• It was further noted that under the Limitations ct, the term ‘period of limitations’ means that every suit, or appeal instituted or preferred after the said period of time shall be dismissed. These time limits are provided under the Third Division of the Schedule of this Act. However, it does not contain any Article that prescribes the time limit for applications for drawing up a final decree.
  • Article 137 provides that for any application for which any time limit has not been prescribed in that division, it shall be three years from the time the plaintiff is said to have the right to apply.In this case which is from the date when the preliminary decree was issued. However, this is not applicable to applications that do not seek any fresh relief from the Court based on a new cause of action. This can only be considered as a request reminding the Court to fulfill the remaining part of the pending suit.
  • In partition suits of estates that pay revenue to the government, in the usual course, the Court is required to issue only one decree declaring the rights of the parties involved in the partition of the property and direct the Collector to proceed towards actual partition and deliver the respective portions of the property to different parties. After this stage, the Court has no reason to interfere in the matter anymore unless there are any complaints by a third party. In the case of immovable properties if the Court can itself carry out division and partition without assistance from an appointed Commissioner, or if the parties agree upon the manner of division, a single decree is passed which comprises both the preliminary and final decrees. Thus, the mere issuance of a preliminary decree does not dispose of the suit. It is only the first stage in a suit of partition. Until the actual division according to metes and bounds of the property, the suit stays pending.
  • The cases cited by the petitioner were not found relevant to this case by the Court, as all three of those were cases of mortgage which have different provisions from that of a partition suit.
  • In furtherance, the Court also made a suggestion for debate and legislative action regarding the ‘pause’ that usually takes place between a preliminary decree and a final decree. The Civil Procedure Code, 1908 also provides for this ‘pause’ between a decree and its execution. This is provided so that the defendant may voluntarily comply with the preliminary decree. However, in reality, this does not take place without the pursuance of the execution of the decree. Thus it becomes necessary to go through the procedures towards drawing up the final decree which requires the filing of applications, or levy of execution in money suits. A litigant who approaches the Court would want immediate relief on his case, rather than first engaging a lawyer to obtain the preliminary decree, and again do the same to obtain the final decree for execution of the same. It is only an obvious question as to why should the litigant remind the Court again for issuing the final decree, and why should it not be a continuous process by which the Court can fix a date by which a Commissioner should be appointed to execute the decree.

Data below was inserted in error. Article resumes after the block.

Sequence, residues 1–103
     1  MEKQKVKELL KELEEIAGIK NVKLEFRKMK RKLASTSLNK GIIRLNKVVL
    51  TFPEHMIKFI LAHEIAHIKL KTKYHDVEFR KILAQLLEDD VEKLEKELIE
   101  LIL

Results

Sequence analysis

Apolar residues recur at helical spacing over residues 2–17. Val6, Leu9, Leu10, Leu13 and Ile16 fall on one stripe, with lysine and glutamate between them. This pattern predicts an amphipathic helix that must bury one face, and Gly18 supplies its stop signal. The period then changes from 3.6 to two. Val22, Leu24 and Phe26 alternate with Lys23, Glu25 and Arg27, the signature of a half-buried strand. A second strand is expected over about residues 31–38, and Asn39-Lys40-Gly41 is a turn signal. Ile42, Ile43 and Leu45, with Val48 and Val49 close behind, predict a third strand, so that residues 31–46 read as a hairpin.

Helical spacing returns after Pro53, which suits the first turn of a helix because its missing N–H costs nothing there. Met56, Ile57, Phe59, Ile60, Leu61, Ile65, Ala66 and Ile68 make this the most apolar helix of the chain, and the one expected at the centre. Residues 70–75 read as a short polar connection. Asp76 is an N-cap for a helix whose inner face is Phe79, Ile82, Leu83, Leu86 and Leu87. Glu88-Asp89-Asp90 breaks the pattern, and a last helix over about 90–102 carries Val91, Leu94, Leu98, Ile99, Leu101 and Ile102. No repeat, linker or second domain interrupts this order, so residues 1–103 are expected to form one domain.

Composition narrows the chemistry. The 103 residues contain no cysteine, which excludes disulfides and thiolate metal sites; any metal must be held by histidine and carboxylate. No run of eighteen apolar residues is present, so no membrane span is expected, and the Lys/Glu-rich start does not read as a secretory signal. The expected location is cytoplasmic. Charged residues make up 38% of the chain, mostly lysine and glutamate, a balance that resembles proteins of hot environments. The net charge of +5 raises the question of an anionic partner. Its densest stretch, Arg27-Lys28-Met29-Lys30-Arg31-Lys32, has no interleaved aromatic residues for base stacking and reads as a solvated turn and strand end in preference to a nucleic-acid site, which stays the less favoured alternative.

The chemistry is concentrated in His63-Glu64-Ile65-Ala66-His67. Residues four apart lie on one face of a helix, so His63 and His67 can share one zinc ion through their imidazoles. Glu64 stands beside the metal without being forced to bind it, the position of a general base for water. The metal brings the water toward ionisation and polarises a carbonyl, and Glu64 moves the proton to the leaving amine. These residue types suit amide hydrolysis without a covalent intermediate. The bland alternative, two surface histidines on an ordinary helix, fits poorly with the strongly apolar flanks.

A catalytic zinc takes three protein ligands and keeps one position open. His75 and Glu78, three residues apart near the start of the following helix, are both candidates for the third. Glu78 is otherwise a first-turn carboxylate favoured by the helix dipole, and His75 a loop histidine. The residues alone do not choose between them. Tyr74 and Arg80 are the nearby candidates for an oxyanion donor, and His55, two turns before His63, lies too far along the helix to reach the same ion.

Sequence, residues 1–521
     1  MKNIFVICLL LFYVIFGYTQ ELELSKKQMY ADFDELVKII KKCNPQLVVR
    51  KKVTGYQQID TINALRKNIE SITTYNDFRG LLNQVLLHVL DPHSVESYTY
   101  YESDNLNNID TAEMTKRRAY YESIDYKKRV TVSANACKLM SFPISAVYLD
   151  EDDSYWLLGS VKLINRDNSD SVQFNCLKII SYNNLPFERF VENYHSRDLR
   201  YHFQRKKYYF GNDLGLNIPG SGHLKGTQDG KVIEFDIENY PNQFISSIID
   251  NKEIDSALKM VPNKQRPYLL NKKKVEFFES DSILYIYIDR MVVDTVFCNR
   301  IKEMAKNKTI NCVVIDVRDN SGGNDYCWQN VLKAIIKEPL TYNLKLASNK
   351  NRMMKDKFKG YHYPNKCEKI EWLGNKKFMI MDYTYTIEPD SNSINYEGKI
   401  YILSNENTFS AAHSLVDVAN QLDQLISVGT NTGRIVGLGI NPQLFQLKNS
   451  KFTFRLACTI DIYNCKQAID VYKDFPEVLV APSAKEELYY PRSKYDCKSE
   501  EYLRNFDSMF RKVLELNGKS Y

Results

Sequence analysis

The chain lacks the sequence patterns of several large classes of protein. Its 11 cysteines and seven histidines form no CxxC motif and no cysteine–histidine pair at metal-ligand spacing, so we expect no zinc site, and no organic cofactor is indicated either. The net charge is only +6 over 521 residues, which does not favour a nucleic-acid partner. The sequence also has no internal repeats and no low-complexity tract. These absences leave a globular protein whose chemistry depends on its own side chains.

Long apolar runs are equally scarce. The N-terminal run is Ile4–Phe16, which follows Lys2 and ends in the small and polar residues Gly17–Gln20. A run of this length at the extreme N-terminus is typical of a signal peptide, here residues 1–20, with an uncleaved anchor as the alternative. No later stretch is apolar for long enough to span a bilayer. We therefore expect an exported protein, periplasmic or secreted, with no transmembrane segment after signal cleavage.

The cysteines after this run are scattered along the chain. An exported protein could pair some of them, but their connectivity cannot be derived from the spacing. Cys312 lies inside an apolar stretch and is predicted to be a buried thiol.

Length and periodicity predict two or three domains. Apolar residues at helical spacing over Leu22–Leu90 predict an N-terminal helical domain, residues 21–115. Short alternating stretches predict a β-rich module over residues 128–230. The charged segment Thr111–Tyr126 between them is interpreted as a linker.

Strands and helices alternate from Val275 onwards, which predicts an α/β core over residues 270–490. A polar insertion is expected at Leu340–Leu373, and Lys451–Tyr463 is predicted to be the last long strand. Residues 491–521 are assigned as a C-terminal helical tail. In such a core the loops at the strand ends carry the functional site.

• The division of such suits into different parts such as the preliminary, final decrees, and further execution proceedings, most judges seem to have a belief that only the part of issuing the preliminary decree is a judicial function. Thus the consequent decree and its execution are not given enough attention. The Court observed that the priority to be made is not just of the early disposal of cases, but also that of ensuring relief to the litigant. These trends lead to considerable delay and loss of credibility in the civil justice system.
  • The Court went into detail on why a discussion and legislative action on this is a necessary action to be taken. It was pointed out that in the present system, even if he wins the suit, the plaintiff has no guarantee that the fruits of the decree would reach him. In order to meaningfully implement the provisions of the Code, a conceptual change in the process of civil litigation had to happen. The Court made a suggestion that the Law Commission and Parliament see that such suits are to be a continuous process and make appropriate recommendations and amendments as to it.


The Court stated that it is the duty of the Court to make sure that final decree proceedings commence without any delay after the issuance of the preliminary decree in partition suits. The litigant should not have to remind the Court to perform this function, as this also comes under the judicial purview. Thus the application filed by the respondents, in this case, is not subject to the law of limitation, as it was only an application made on a pending suit. The special leave petition was suspended and final decree proceedings were ordered to be executed accordingly.

Click here to download the original copy of the judgement

Learn the practical aspects of CrPC HERE, CPC HERE, IPC HERE, Evidence Act HERE, Family Laws HERE, DV Act HERE

"Loved reading this piece by Arundhathi?
Join LAWyersClubIndia's network for daily News Updates, Judgment Summaries, Articles, Forum Threads, Online Law Courses, and MUCH MORE!!"

Published in Others
Views : 633


Post a Suggestion for LCI Team
Post a Legal Query